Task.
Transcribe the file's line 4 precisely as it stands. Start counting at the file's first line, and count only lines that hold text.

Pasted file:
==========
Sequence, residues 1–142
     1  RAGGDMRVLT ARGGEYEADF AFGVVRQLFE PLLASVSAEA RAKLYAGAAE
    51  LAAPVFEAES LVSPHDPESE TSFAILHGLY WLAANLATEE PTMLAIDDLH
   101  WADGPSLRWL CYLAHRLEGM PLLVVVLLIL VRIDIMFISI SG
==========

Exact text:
   101  WADGPSLRWL CYLAHRLEGM PLLVVVLLIL VRIDIMFISI SG